Jackie May, founder and editor of Twyg – a South African based sustainability online publication – points out the following;
‘’The uniqueness of some South African fashion design is not necessarily in the practice of making fashion, it's in how fashion is sustaining culture. Remaining true to their heritage, many of South Africa’s emerging designers are referencing their cultures. Think of Laduma Ngxokolo of Maxhosa Africa, Thebe Magugu and Sindiso Khumalo. Most exciting is how these designers combine environmental and cultural sustainability.’’
Thebe Magugu recently became the first African designer to win the prestigious LVMH prize for Young Fashion Designers. His collections are deeply attributed to his South African identity; each one exploring social and political issues characterizing the country. Through silhouette and form, Thebe Magugu communicates a transcendence over structural forces – and it is precisely this depth of work that edifies fashion as an art form.
Ready to wear label SELFI derives its name from the concept of ‘’self empowerment’’; a beautiful idea in the realm of ecological and social responsibility. Based in Cape Town, the brand embodies an energy of ‘’knowing exactly who one is’’ – and woven into its biodegradable garments is the notion of liberation and possibility. Celeste Arendse, the designer behind SELFI, creates clothing with an authenticity often forgot in this world of fast fashion. Think locally sourced linens draped in dreamy silhouettes – offered in shades of cardamom and rust.
Lukhanyo Mdingi, another prolific designer, demonstrates what it truly means to ensure luxury need not be compromised in sustainability – and that it is indeed the exquisite garments that last a lifetime which render us the most stylish. Using natural fabrics such as wool, raw silk and linen in clean shades of earthen tones; each collection Lukhanyo produces further builds a timeless aesthetic – one that urges his clientele to connect with the world around them.
Laetitia Breedt started Akina label, an ethical swimwear brand in Cape Town, with a clear vision that wherever she could employ sustainable practices – she would. Akina’s website features an entire section detailing the sustainable aspects of the brand – from the recycled fabrics in the swimwear collections, to the EcoNyl yarn (made from post-consumer waste including fishing nets, fluff, and rigid textiles), to the fact that the cutting tables in the studio are made from recycled wood. Accounting for the intricate details allows Akina customers to be engaged with the brand and its continual journey toward minimising impact, and this precisely how transparency in the supply chain can be achieved.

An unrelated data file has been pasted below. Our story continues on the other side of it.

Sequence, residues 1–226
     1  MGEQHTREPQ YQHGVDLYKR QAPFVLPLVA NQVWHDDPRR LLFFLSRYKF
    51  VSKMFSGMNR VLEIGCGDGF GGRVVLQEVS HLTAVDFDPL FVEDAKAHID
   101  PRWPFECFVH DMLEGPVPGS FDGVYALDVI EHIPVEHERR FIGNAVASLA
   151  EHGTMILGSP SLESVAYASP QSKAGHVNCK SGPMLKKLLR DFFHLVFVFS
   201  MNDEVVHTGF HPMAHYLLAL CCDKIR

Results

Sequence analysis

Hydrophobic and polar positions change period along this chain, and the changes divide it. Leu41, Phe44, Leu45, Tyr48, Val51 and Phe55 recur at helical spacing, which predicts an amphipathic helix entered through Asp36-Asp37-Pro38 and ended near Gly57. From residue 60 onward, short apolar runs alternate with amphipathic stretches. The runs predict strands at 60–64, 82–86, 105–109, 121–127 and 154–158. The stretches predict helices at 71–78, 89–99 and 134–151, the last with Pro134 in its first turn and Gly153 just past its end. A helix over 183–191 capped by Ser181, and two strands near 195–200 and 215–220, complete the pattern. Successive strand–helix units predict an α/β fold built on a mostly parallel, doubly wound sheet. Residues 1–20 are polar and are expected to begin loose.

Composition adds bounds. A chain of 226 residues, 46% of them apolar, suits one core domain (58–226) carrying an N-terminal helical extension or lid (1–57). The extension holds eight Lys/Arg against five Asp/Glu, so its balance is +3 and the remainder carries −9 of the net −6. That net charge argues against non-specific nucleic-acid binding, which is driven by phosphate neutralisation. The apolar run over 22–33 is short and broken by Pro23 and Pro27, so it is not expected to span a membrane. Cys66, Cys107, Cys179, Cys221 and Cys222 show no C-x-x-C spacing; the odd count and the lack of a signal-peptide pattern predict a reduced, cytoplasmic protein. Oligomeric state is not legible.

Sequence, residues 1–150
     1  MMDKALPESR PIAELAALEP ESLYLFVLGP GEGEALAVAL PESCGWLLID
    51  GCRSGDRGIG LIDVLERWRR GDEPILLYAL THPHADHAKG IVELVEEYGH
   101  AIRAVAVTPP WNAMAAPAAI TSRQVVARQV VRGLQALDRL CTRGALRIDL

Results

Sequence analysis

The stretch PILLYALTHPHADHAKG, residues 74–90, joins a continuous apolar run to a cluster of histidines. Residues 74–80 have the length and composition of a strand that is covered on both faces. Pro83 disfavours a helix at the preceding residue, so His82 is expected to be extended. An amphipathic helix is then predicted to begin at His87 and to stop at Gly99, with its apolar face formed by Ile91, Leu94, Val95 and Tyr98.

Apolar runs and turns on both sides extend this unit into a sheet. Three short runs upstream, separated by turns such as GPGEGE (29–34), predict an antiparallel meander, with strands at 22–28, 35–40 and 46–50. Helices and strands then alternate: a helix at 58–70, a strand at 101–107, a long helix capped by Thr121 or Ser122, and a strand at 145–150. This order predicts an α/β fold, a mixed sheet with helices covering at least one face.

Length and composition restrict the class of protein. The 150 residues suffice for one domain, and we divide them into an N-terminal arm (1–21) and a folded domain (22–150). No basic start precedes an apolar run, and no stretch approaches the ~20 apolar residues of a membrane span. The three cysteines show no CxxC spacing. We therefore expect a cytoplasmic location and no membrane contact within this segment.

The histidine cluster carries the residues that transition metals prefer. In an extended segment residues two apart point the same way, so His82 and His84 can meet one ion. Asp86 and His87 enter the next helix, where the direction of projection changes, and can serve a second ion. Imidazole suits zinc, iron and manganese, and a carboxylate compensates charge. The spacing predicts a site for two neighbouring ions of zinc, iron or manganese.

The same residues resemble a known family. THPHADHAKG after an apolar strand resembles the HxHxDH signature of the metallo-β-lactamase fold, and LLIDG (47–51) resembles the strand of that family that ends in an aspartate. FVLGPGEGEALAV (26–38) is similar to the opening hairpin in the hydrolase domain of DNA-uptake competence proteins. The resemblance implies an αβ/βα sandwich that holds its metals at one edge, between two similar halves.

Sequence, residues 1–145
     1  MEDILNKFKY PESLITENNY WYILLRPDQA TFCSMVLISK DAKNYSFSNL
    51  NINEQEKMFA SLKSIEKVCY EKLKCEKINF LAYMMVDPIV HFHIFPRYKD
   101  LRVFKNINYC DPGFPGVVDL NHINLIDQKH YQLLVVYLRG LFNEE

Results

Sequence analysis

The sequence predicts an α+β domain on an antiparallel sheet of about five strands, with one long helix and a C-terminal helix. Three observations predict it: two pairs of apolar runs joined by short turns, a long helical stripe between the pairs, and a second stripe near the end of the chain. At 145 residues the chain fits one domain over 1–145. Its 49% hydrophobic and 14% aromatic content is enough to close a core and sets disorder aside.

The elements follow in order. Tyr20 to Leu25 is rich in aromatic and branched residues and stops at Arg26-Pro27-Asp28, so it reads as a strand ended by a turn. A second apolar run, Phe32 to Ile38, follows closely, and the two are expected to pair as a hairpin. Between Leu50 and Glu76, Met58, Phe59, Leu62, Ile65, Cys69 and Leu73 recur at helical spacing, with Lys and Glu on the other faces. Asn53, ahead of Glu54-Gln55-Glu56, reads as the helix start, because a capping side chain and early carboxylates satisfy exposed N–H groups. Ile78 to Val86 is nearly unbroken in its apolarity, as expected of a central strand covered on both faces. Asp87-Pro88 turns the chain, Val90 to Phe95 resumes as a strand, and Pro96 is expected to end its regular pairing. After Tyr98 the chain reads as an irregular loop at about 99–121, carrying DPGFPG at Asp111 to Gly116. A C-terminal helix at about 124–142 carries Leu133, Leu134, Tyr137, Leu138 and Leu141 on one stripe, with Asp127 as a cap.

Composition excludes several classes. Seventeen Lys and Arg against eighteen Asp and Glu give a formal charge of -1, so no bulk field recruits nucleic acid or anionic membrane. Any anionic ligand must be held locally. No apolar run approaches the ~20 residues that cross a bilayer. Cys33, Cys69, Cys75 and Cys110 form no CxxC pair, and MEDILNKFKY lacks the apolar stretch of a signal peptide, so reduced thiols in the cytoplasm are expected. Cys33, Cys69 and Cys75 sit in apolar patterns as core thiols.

Upcycling and re-using is Katekani Moreku’s preferred form of rebellion against the fashion system. Bold colours adorn his collections – and such is the excellence of Katekani’s tailoring, that the recycled fabric scraps and plastic linings disrupts how one can view everyday materials. Rejecting conformity is the essence of the brand – what better spirit to have when dismantling unsustainable systems?
Sindiso Khumalo is a powerful force to be reckoned with – not only for her unique textile prints and dreamy collections, but for her voice in sustainability. Having addressed the United Nations on sustainability in fashion, she is a designer using her creative platform to elicit complex conversations of change. Sindiso works with NGO’s to produce handmade textiles for her collections - allowing social justice to influence the development of her supply chain. It is no surprise that she has garnered attention from Milan Fashion Week, Vogue Italia and The Smithsonian Museum of African Art – sparking an international appreciation for South African fashion.
Laduma Ngoxolo has created his label MaXhosa as a legacy of his Xhosa ethnicity. South African wool and mohair is woven into deep symbols and motifs, telling the story of this significant culture through its traditional knitwear attire worn in initiations and rituals. The immense success of MaXhosa locally and internationally inspires authentic expression – which is crucial for shifting the global culture of fashion from appropriation and exploitation toward a true celebration of diversity.
South Africa has long been considered a ‘developing’’ country due to the socio-economic and cultural trauma of colonialism and apartheid. Through the lens of sustainability as a practical model for building circular economies, employing bio-dynamic agricultural practices and promoting local production – there is a path forward for healing this globally imposed identity. This remains true for fashion – as a sustained, thoughtful shift can be felt in the landscape of South African design.
+ Words: Holly Beaton
Holly Bell Beaton is a writer and stylist with a passion for the intersection between biology, technology and design. Raised in Cape Town and of Swedish heritage, her travels across the world have encouraged and informed a global perspective regarding the future of fashion and its relationship to planetary health. She is currently working for a sustainable fashion label in Cape Town, South Africa.
Follow her on Instagram: Holly Beaton